So you have generated a few Stable Diffusion AI images. They looked great but not quite what you want? You can use some customization. Here’s a primer for the basic generation parameters.
Stable Diffusion Software
We will focus on Stable Diffusion AI. While some parameters mentioned in this article are available in free online AI generators, all of them are available in this popular Stable Diffusion GUI (AUTOMATIC1111). See my quick start guide for setting up in Google’s cloud server.
Classifier Free Guidance scale is a parameter to control how much the model should respect your prompt.
1 – Mostly ignore your prompt.
3 – Be more creative.
7 – A good balance between following the prompt and freedom.
15 – Adhere more to prompt.
30 – Strictly follow the prompt.
Below are a few examples of increasing the CFG scale with the same random seed. In general, you should stay away from the two extremes – 1 and 30.
Recommendation: Starts with 7. Increase if you want it to follow your prompt more.
Quality improves as the sampling step increases. Typically 20 steps with Euler sampler is enough to reach a high quality, sharp image. Although the image will still change subtly when stepping through to higher values, it will become different but not necessarily higher quality.
Recommendation: 20 steps. Adjust to higher if you suspect quality is low.
There’s a variety of sampling methods you can choose, depending on what GUI you are using. They are simply different methods for solving diffusion equations. They are supposed to give the same result but could be slightly different due numerical bias. But since there’s no right answer here – the only criteria is the image looks good, accuracy of the method should not be your concern.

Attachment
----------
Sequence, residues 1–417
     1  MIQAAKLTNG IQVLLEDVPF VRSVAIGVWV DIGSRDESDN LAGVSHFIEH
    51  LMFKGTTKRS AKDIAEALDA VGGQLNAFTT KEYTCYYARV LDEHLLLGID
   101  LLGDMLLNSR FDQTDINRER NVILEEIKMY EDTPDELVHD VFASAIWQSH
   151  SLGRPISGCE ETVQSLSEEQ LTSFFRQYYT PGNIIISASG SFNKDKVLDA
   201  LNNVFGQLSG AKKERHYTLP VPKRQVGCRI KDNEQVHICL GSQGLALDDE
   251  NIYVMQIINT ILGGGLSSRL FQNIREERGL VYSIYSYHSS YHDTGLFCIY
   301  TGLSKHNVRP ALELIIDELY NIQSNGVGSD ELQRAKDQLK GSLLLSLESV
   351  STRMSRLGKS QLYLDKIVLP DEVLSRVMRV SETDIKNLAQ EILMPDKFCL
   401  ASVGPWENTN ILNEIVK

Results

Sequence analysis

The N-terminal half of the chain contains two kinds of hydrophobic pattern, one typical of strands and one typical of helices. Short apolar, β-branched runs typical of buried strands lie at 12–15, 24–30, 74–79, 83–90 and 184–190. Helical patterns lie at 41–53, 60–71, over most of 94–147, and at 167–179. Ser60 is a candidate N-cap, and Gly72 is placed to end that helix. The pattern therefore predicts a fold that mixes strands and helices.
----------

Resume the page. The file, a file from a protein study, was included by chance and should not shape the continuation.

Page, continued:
Not all methods are created equal. Below are the processing time of various methods.
Below are images produced after 20 steps.
There are discussions in online community claiming that certain sampling methods tend to yield particular styles. This is without theoretical merit. My suggestion is to keep things simple: 20 steps with Euler.
The random seed determines the initialize noise pattern and hence the final image.
Setting it to -1 means using a random one every time. It is useful when you want to generate new images. On the other hand, fixing it would result in the same images in each new generation.
How to find the seed used for an image if you use random seed? In the dialog box, you should see something like:
Steps: 20, Sampler: Euler a, CFG scale: 7, Seed: 4239744034, Size: 512×512, Model hash: 7460a6fa
Simply copy this seed value to seed input box. If you generate more than one image at a time, the seed value of the second image is this number incremented by 1, and so on. Alternatively, click the recycle button to reuse the seed from the last generation.
Recommendation: Set to -1 to explore. Fix to a value for fine-tuning.
The size of output image. Since Stable Diffusion is trained with 512×512 images, setting it to portrait or landscape sizes can create unexpected issues. Leave it as square whenever possible.
Recommendation: Set image size as 512×512.
Batch size is the number of images generated each time. Since the final images are very dependent on the random seed, it is always a good idea to generate a few images at a time. This way, you can get a good sense of what the current prompt can do.
Recommendation: Set batch size to 4 or 8.
A dirty little secret of Stable Diffusion is that it often has issues with faces and eyes. Restore faces is a post-processing method applied to images using AI trained specifically to correct faces.
To turn it on, check the box next to Restore faces. Go to Settings tab, under Face restoration model, select CodeFormer.
Below are two examples. Without face restoration is on the left. With face restoration is on the right.
Recommendation: Turn restore faces on when you generate images with faces.
In this article, we have covered the basic parameters for Stable Diffusion AI. Check out this article for step-by-step guide in building high-quality prompt. Check out this article for more advanced prompting techniques.